A human handprint (above) made about 30,000 years ago, on the wall of the Chauvet-Pont-d’Arc Cave in southern France. Somebody tried to say, “I was here!” but of course, with no written language, this person just made his Mark which the cave painters did more artistically.
The picture and text are taken from the book “Sapiens” by Yuval Noah Harari. We do not know the sex of this Homo Sapiens person but I am guessing that a man would be more probably engaged in wanting to make his Mark.
At this time our ancestors had developed language and I wonder whether they had their own names. I would like to give our hand printer a name and I have decided on Denis. The Neanderthals and Denisovans were two other human species who have left their DNA mark in Homo Sapiens today. The Denisovans (from the east) are not likely to be represented in our handprint man but I took my choice of a name from them. Just by chance I found that Denis was the first bishop of Paris and is the Patron Saint of France! Then, by another chance, I found that the name Denis is a derivation of Dionysos, the Greek god of wine and revelry - a good name then for a bishop!
(left) The Chauvet-Pont d'Arc is the oldest-known decorated cave in the world, featuring prehistoric wall paintings, engravings and hand prints. UNESCO classified the cave as a World Heritage site in June 2014.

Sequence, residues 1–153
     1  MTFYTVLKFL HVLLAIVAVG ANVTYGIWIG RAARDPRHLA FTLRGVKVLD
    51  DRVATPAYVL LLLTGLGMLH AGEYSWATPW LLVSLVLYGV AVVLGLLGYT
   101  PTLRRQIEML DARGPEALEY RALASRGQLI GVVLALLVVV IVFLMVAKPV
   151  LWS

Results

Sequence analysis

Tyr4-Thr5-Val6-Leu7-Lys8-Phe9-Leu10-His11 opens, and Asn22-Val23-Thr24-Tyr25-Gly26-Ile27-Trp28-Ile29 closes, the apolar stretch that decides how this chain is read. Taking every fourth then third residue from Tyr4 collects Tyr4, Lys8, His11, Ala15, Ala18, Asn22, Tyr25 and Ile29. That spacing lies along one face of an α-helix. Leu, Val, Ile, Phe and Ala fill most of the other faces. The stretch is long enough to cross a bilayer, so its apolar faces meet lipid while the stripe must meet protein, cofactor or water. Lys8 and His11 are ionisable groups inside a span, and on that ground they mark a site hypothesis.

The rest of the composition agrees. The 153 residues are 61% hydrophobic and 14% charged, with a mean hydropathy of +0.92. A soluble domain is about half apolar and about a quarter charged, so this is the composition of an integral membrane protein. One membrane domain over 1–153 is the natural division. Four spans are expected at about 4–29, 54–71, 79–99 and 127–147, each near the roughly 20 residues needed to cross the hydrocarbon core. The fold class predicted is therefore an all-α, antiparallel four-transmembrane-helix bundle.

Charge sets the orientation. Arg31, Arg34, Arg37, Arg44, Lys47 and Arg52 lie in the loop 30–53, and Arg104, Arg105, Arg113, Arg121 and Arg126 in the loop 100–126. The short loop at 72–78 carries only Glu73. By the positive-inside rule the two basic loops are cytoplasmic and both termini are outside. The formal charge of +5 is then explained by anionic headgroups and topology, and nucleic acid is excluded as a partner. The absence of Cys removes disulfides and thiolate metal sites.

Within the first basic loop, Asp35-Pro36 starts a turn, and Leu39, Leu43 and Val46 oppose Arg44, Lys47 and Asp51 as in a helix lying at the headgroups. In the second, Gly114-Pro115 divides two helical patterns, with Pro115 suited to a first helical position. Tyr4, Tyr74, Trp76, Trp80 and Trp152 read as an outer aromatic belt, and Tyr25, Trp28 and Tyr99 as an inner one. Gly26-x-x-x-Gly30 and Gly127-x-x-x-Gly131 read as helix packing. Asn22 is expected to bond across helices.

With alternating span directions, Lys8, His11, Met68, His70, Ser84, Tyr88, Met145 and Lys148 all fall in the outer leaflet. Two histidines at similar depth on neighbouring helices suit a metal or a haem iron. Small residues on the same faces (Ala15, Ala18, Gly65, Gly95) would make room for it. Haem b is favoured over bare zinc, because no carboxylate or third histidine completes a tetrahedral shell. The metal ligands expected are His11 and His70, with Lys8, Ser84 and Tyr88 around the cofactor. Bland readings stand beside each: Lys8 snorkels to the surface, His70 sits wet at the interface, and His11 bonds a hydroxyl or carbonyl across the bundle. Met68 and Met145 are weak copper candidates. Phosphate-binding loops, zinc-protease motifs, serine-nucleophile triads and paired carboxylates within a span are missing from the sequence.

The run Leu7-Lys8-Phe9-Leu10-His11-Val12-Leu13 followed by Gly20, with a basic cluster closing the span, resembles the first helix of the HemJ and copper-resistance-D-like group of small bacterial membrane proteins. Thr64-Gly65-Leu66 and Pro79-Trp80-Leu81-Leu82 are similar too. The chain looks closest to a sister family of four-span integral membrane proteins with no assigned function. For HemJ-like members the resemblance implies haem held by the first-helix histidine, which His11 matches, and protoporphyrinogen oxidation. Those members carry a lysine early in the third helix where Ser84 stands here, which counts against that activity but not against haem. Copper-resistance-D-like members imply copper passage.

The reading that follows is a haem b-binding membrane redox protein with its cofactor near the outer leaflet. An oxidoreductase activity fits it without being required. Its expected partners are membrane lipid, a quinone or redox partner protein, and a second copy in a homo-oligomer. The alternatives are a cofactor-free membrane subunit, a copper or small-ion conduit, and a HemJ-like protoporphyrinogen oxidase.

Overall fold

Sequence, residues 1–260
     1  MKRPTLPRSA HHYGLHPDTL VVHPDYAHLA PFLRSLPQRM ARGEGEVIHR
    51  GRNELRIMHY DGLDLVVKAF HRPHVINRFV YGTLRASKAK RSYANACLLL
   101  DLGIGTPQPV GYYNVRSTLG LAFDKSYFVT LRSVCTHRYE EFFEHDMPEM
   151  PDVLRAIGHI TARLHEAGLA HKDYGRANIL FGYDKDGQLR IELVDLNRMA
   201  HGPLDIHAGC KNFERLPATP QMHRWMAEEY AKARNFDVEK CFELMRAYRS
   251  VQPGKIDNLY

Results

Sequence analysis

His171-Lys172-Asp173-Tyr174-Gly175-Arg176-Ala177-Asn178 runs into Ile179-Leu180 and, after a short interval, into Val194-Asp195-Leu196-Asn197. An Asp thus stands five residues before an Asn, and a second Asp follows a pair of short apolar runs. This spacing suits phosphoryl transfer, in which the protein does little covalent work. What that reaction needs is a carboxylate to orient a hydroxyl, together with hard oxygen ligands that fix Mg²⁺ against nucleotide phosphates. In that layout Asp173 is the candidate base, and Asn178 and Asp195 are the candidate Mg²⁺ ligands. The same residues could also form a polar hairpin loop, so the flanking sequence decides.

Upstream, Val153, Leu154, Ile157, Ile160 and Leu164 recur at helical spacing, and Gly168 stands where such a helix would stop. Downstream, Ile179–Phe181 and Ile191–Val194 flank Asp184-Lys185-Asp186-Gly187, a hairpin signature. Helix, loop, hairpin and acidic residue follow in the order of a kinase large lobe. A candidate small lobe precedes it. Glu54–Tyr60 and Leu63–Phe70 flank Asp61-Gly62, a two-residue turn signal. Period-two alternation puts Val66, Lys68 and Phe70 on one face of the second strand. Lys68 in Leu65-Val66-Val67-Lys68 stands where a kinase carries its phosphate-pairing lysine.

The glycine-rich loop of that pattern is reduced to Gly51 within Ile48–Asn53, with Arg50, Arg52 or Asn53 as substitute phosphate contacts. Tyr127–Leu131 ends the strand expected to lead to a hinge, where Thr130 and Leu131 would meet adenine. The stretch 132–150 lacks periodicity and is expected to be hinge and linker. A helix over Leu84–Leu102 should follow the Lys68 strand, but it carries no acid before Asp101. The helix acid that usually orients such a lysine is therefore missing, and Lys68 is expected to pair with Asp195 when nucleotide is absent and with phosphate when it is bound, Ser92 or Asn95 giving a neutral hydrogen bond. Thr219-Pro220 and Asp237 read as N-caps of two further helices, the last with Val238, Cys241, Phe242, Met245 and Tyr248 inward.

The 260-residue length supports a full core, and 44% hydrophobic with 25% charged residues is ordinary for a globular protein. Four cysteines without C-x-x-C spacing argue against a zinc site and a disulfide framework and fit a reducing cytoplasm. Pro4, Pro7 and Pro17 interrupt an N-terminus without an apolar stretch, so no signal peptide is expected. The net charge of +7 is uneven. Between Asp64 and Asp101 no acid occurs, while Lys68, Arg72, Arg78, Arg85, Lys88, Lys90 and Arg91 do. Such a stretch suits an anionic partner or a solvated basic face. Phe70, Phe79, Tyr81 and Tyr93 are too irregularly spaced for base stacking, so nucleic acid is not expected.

Harari suggests that language was most likely to have developed from gossiping so I suggest that it would have been the women who maybe had more time to gossip and so have the most influence on the spoken word. They could be spending their time child rearing, cooking and stitching clothes with bone needles, which were available at that time – no time for them to think of making their Mark.
We all make our Mark during life in one way or another but in the distant past the majority left not so much as a handprint. Luckily, today we can access written, photographic and audio records – not all of us of course! With this in mind I shall name a few people who in one way or another have made their Mark in our local area.
At this point we shall leave Denis and travel into our past which for Denis would be a future he would never have envisaged. We will head for Marple but will pause on the way to see a few who made a significant Mark on us in Great Britain in different spheres. I shall generally avoid royalty but will make one exception with our first stop to see what William 1st can offer us. So, “All Aboard the Tardis”, hoping someone can press the right button!
William 1st – 10??-1087- Our first Norman king (known as William the Conqueror), formerly Duke of Normandy. Having made his Mark at the Battle of Hastings (1066) William did what I think of as rather a silly thing. In 1087 he went to Rouen, trying to sort out his sons’ arguments and died in the attempt. He was buried in Caen and after various disruptions his remaining physical mark was reduced to a thigh bone.
William the Conqueror and his army entering London in Triumph after the Norman Invasion 1066
William Shakespeare - 1564-1616. English author, poet, playwright and
actor – “Bard of Avon”. A big Mark for William for his tremendous effect on the English language without many people realising it. So many phrases to choose from but I have singled out this one, made by the clown in “Twelfth Night” - “Some are born great, some achieve greatness ,and some have greatness thrust upon them”. I wonder what Shakespeare attributed his own greatness to!?